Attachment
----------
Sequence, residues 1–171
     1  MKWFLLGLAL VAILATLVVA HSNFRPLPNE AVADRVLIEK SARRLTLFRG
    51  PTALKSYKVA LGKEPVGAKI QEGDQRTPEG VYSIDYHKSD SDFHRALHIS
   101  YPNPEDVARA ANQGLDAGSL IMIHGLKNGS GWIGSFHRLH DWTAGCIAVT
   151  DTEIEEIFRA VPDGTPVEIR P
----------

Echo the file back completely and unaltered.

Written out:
Sequence, residues 1–171
     1  MKWFLLGLAL VAILATLVVA HSNFRPLPNE AVADRVLIEK SARRLTLFRG
    51  PTALKSYKVA LGKEPVGAKI QEGDQRTPEG VYSIDYHKSD SDFHRALHIS
   101  YPNPEDVARA ANQGLDAGSL IMIHGLKNGS GWIGSFHRLH DWTAGCIAVT
   151  DTEIEEIFRA VPDGTPVEIR P